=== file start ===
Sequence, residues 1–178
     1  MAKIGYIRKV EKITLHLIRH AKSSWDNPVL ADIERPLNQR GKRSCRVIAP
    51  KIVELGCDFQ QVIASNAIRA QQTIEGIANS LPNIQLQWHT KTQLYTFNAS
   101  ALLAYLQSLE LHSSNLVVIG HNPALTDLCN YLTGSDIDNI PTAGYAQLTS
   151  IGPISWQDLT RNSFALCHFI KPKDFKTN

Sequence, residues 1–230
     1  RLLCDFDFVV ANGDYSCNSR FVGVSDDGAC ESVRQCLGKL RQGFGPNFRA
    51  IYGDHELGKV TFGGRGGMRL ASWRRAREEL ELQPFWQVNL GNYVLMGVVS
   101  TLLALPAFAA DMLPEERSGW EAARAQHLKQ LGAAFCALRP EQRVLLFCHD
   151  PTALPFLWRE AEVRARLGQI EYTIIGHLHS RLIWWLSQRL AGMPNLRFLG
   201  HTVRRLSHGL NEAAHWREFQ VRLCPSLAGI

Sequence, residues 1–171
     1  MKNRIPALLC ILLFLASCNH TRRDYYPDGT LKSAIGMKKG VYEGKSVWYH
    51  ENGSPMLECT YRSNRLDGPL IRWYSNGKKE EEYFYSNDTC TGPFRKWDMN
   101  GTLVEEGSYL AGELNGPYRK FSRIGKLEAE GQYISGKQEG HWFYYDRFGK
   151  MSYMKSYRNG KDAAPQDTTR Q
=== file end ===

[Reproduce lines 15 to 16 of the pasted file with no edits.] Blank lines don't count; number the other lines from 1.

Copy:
   101  GTLVEEGSYL AGELNGPYRK FSRIGKLEAE GQYISGKQEG HWFYYDRFGK
   151  MSYMKSYRNG KDAAPQDTTR Q